Earlier this month, I had the pleasure of speaking to juniors and seniors at Boston College, my alma mater about the importance of networking as they jump-start their careers.
What I found when I arrived were a lot of seemingly put together college upperclassmen: their shirts pressed, their resumes polished, their qualifications top notch. What I discovered after about five minutes was that their wide eyes, supposedly filled with promise, were actually brimming with fear: fear of navigating the post-grad world, of not living up to expectations, and ultimately, of the unknown.
Their concerns were valid. During the job hunting process something as small as a lingering, unanswered networking email or application submission can seem scarier than any skeleton in your closet.
Don’t get spooked by the folklore: there are plenty of veteran professionals willing and able to help you in your career search, and just as many available jobs.
Here are my best tips for young professionals on how to find them.
Look outside your LinkedIn Box
The best networking opportunities don’t always present themselves when you’re in an office or wearing a suit. People who you encounter outside of your professional network can offer insights into what you enjoy, what you’re good at, how you communicate, and how you relate to others. Consider asking your family friends, an alumnus of your sorority of fraternity chapter, or intramural coach or teammate for advice. Some of the best career conversations I’ve ever had happened after a spin class.
Apply, even when it’s not a perfect fit
The past few years have brought a slew of studies and articles dedicated to women in the workplace, and for good reason: women aren’t climbing the ladder like their male counterparts, and are still fighting for equal pay. Part of the problem starts long before a final interview: women aren’t applying for the jobs they should be applying to in the first place.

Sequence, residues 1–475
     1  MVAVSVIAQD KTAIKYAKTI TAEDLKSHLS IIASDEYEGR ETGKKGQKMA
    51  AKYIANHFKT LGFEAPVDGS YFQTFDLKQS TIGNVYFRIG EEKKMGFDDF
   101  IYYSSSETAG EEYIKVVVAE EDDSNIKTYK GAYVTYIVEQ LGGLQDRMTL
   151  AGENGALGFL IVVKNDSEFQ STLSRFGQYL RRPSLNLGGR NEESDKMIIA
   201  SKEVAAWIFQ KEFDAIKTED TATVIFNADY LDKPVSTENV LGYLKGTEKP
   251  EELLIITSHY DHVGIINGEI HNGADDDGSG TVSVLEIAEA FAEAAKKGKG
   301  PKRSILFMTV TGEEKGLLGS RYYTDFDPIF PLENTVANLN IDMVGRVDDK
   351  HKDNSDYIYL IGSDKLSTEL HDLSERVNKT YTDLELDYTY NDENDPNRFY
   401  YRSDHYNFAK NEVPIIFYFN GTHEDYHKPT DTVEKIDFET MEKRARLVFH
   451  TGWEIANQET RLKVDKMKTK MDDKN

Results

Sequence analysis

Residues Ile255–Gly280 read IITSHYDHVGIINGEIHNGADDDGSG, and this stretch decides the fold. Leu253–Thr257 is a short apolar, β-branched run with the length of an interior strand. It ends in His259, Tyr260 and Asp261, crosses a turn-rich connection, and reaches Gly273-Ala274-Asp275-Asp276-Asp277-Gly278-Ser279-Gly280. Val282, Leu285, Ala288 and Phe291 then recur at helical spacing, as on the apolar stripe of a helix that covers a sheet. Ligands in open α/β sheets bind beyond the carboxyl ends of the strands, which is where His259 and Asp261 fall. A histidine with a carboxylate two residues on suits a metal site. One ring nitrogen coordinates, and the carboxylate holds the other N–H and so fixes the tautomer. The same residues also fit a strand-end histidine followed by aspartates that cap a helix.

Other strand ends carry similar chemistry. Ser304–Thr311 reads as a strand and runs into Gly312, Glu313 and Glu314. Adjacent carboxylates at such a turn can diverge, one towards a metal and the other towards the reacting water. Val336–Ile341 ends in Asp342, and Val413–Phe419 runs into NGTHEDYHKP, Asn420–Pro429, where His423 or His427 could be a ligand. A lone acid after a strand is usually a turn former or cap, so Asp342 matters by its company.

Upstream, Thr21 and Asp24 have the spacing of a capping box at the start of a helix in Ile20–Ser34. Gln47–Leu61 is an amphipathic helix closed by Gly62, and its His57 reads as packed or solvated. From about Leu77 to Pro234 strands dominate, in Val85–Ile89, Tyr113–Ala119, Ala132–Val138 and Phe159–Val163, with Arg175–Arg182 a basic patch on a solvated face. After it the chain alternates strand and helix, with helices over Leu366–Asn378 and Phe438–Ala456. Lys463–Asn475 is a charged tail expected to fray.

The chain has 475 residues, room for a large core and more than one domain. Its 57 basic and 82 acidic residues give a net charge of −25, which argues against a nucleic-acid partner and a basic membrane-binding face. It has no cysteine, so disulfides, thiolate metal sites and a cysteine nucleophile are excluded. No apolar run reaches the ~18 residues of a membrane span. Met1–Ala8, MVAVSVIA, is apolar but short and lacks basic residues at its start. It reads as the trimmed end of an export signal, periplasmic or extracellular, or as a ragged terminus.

According to the now-famous Hewlett-Packard internal study, men apply for a job when they meet only 60 percent of the qualifications, but women apply only if they meet 100 percent of them. This behavior has been attributed to a lack of confidence and fear of failure or wasted energy. Whichever psychological explanation you prefer, the action step remains the same: apply for the job, even if your resume doesn’t check every box.
Don’t feel pressured to take the first job you are offered, especially if it’s not a great fit, or one where you would excel. Why accept a position you’re not excited about in June when a better offer could come along in July? Sounds like a gamble – but college graduates with internship experience are a hot commodity in the city right now.
Boston’s unemployment rate is down to a whopping 4.2 percent as of July of this year. That’s below the state average (4.4 percent), the national average (4.5 percent), and New York City’s average (5 percent). Make the most of your networking opportunities to determine what field most interests you, how you could best utilize that experience to move up the ladder in the coming years, and accept a job that marries those two goals.